Diseases of non-human primates
Copyright 2008, University of Minnesota Board of Regents.
The University of Minnesota is an equal opportunity educator
Non-human primates can carry
a variety of zoonotic diseases as detailed below. Zoonoses are diseases
that can be transmitted between species. It is important to note
that in many cases the transmission can go in both directions. Therefore,
the use of protective clothing not only protects you, but also the animals.
While prevention of disease is important, knowing how to handle exposures
is also important. These procedures are listed under individual diseases.
A further safety tool is a medical alert card that can be carried in your
wallet indicating to health care workers that you work with non-human primates.
These cards are available from RAR
or you can develop one of your own if you desire.
Cercopithecine Herpes Virus I
Most species of macaque monkeys
(rhesus, cynomolgus) can carry a virus known as B virus, Herpesvirus
simiae or Cercopithecine Herpes Virus I. It is very similar to human herpes
virus which causes cold sores in humans. In the monkey, the virus causes
simple cold sores. In the monkey, the virus usually does not cause
disease or symptoms. Infection with B virus is extremely rare in humans; however, when it does occur, the infection can result in severe neurologic impairment or fatal encephalomyelitis if the patient is not treated soon after exposure. Immediate diagnosis
and treatment with antiviral drugs has saved lives. The procedure outlined
below is adapted from recommendations from the Centers for Disease Control and has been shown to reduce the risk of contracting Herpes B in the event
of a bite or other wound, or an exposure to mucous membranes or broken
Since B virus has a high
prevalence in conventional primate colonies, and animals can carry the
disease without showing symptoms, it is best to assume that all primates
are infected. Body fluids such as saliva and urine present the highest
risk to workers. Caretakers are at special risk, since routine care
and cage washing involves frequent contact with sharp edges on contaminated
cages and production of aerosols from spraying animal waste. In laboratories,
activities such as pipetting, opening containers and centrifuging urine,
blood or mucosal swabs can present risk of contamination. Use of
protective clothing, eye protection and respiratory protection are essential.
Consistent caution and respect for the monkey is always a good idea.
In addition, if you ever spot what looks like a cold sore on a monkey,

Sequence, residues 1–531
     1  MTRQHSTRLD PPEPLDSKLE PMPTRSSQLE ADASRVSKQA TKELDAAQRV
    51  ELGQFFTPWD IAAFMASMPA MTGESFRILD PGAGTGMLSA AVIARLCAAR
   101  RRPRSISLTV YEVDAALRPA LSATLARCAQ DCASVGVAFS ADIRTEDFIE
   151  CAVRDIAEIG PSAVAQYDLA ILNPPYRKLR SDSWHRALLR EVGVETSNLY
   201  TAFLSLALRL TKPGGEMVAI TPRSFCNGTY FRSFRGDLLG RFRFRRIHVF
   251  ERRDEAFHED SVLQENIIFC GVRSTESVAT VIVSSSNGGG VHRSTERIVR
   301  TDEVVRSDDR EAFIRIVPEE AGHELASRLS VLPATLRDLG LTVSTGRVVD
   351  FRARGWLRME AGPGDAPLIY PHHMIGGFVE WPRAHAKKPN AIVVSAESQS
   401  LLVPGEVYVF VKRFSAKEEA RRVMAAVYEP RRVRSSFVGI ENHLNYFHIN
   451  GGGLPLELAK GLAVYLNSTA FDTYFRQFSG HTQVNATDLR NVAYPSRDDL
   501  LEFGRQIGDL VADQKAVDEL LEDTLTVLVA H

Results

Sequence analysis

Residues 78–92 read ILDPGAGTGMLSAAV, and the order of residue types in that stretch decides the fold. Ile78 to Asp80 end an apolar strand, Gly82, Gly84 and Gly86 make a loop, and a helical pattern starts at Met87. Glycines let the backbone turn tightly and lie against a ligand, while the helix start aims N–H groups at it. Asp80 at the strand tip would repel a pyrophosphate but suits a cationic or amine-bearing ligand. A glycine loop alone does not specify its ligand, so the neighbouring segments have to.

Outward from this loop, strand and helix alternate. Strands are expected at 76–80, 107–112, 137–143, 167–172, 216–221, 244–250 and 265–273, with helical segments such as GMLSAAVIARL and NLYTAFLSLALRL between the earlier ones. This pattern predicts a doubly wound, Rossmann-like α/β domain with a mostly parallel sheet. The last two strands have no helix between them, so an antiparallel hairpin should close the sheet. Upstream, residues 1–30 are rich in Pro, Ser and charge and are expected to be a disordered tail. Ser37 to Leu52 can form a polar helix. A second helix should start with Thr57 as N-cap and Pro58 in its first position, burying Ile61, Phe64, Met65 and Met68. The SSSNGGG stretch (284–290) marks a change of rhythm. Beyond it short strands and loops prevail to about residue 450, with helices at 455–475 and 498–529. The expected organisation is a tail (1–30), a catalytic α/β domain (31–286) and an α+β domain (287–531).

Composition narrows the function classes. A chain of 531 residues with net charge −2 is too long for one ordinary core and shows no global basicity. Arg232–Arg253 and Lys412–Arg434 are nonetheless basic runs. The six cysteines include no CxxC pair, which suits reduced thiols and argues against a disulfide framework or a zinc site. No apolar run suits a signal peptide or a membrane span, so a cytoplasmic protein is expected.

be sure to contact RAR before handling the animal or its cage.
Procedures to Follow in Case of Contact with Body Fluid from a Non-human Primate (Macaque (rhesus or cynomologus) species only)
Information for Healthcare Providers: Care of Non-human Primate Bites,
Scratches or Splashes onto Mucous Membranes
(Macaque (rhesus or cynomologus) species only)
Other Viral Infections
Non-human primates can develop measles, usually following exposure to infected humans. Workers with measles should not work
with non-human primates until they have recovered. Clinical signs
in the animals are similar to those in humans, including a red rash on
the face and hands. Transmission is usually by direct contact.
virus can be transmitted between humans and non-human primates. Signs
of disease for both humans and animals include fever and upper respiratory
signs such as coughing, sneezing and nasoocular secretions. The disease
is potentially fatal in immunocompromised individuals. Transmission
is by aerosol. Prevention is achieved through the use of protective
clothing and respiratory protection.
Several pox viruses,
including monkeypox and Yaba virus can cause painful nodular lesions in
the skin of humans and non-human primates. Transmission is by direct
contact, although infected tissues could present a risk to laboratory workers.
Prevention of disease is through use of protective clothing.
Non-human primates may be
carriers of filoviruses such as Ebola.
These viruses cause an acute hemorrhagic fever in humans and non-human primates
that is often fatal. Flood and body fluids are potential sources
of the virus. Use of protective clothing and eyewear is preventative.
Animals are screened upon entry into the country for filoviruses.
Bacterial agents such as Salmonella,
and intestinal parasites such as Giardia,
Entamoeba histolytica and
Balantidium colican be carried by many species of non-human primates.
Feces are the primary source of infections. Gloves, a laboratory
coat and a respiratory mask should be worn when handling fecal samples
or sanitizing caging. Symptoms of these diseases include diarrhea
with or without blood, vomiting, and fever in both humans and non-human
primates. Medical attention should be sought immediately.